Cost of health plan put at $2.5 billion

Panel studied options for state's uninsured

February 16, 2007|By M. William Salganik | M. William Salganik,Sun reporter

In November, the staff of the Maryland Health Care Commission floated an innovative plan for health coverage - covering nearly all of the uninsured, guaranteeing generous benefits, offering substantial premium subsidies for low- to moderate-income families, and giving every insured person or family a choice of plans.

While elected officials worked on more incremental plans, the commission set out to cost out its plan. Yesterday, the bill was presented: $2.5 billion a year in state funds.

"This is a total non-starter," said Dr. Rex W. Cowdry, executive director of the commission, in presenting the cost projections.

While lawmakers and Gov. Martin O'Malley have expressed interest in covering more of the uninsured, they've been worried about whether the state could afford several more modest plans, estimated to cost in the $200-million-a-year range.

Cowdry said the plan that was studied represented "the most extreme design option," and that the commission would begin to look at options for less-comprehensive benefits.

Although it will be offering data to lawmakers during this legislative session, Cowdry said the commission wouldn't be able to complete its study of alternatives before lawmakers adjourn.

The commission expressed support in concept for several of the incremental plans but generally urged more study before any are implemented. Cowdry also summarized consultant and staff studies that question the efficacy of two more modest proposals to encourage more coverage.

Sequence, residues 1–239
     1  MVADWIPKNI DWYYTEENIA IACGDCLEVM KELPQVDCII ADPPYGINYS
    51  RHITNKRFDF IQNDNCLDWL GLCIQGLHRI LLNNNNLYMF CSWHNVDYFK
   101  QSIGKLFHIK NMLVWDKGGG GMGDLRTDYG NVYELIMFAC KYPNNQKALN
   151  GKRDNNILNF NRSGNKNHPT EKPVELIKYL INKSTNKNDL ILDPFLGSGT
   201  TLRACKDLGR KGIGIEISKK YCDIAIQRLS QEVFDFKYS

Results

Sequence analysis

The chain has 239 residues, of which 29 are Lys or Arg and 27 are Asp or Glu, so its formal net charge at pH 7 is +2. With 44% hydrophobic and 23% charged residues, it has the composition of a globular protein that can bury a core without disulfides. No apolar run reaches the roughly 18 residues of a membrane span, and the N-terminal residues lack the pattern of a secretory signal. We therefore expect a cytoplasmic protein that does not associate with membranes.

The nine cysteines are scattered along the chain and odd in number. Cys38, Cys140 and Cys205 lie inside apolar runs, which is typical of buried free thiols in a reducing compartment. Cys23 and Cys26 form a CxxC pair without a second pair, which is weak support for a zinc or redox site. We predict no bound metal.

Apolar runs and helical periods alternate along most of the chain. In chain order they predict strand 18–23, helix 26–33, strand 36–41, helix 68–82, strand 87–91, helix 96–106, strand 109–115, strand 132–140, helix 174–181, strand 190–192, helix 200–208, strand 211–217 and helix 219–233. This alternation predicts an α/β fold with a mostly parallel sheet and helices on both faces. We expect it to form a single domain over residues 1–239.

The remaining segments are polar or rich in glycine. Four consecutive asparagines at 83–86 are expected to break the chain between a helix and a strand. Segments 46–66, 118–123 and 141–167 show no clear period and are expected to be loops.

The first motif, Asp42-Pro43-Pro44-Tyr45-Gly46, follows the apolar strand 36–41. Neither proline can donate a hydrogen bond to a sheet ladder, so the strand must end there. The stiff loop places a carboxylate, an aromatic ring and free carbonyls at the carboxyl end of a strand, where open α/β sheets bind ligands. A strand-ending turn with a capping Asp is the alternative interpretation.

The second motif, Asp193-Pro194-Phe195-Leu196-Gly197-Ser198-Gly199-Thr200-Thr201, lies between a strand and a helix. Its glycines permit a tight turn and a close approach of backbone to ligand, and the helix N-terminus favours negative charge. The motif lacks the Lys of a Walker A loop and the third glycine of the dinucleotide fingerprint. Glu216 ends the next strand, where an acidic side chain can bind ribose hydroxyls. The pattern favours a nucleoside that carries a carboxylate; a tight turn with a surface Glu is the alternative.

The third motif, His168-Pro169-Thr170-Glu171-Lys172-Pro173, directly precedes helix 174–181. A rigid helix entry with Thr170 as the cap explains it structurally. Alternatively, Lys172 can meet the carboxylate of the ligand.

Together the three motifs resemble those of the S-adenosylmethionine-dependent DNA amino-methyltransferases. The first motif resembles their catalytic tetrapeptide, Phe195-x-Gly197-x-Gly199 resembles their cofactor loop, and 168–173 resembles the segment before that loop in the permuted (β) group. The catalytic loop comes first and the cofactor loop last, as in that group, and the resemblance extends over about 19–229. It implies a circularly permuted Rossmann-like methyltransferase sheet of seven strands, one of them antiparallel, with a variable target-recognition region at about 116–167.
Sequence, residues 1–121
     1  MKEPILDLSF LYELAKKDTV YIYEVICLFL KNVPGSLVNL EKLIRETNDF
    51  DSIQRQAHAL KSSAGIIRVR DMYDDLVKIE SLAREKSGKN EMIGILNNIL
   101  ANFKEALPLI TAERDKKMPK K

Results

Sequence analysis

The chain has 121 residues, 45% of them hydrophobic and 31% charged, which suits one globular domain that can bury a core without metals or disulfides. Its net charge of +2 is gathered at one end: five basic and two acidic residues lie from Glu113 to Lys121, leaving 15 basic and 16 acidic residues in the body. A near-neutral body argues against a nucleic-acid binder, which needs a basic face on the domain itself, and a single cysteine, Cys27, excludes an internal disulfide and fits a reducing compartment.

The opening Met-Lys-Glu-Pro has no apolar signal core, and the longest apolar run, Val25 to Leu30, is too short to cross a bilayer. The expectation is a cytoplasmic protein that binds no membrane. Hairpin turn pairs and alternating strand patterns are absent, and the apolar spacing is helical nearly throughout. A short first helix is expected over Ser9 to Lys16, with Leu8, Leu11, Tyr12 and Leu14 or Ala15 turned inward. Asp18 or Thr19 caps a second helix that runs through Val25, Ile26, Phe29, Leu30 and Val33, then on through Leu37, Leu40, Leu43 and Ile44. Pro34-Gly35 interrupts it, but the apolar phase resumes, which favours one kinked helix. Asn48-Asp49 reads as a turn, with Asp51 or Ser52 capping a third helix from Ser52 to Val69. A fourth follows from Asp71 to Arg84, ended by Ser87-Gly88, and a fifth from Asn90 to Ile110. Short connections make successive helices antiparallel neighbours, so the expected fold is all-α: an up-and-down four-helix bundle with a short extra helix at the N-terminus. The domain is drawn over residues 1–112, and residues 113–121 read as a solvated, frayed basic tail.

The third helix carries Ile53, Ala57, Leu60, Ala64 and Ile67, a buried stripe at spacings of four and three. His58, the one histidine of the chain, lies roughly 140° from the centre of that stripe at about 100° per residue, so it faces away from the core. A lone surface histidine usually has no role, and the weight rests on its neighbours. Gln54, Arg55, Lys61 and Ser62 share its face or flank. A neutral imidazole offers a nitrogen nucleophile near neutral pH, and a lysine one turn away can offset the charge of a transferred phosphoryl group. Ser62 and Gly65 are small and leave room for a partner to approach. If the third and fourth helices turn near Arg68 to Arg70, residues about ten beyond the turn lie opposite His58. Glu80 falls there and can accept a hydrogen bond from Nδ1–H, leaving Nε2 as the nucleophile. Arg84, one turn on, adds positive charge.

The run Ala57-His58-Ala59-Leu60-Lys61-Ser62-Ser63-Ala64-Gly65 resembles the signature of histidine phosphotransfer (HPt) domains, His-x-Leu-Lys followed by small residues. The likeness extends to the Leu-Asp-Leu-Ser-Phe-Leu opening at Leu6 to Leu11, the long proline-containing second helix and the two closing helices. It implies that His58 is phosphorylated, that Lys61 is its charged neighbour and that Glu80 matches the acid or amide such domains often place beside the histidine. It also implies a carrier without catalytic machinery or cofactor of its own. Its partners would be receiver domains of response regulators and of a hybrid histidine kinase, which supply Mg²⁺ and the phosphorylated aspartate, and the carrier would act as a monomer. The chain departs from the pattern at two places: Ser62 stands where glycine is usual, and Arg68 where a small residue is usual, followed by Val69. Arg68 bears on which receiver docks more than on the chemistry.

Some, including Stephen J. Salamon, whose resignation as commission chairman became effective yesterday, proposed allowing insurers to use health status in setting premiums for Maryland small employers. Currently, rates are set based only on age and region of state. Supporters of the change said it would result in lower rates for small employers with young and healthy workers, encouraging them to buy coverage for the first time.

A consulting firm, the Lewin Group, projected that 42 percent of small employers would see premiums drop by 10 percent or more. But, the consultants advised, another 32 percent would see premiums rise by 10 percent or more. Employers with older and sicker workers would drop coverage, according to the projections, offsetting any gains among the young and healthy, and the number of uninsured would actually increase, they said.

Another proposal was to expand the small-employer market, now limited to companies with up to 50 workers, to companies with 75 or 100, spreading risk in the hopes of moderating premiums. But Mercer Human Resource Consulting estimated that employers with older and sicker workers would be more likely to join the expanded pool, increasing premiums for all employers by 2 percent to 5 percent.

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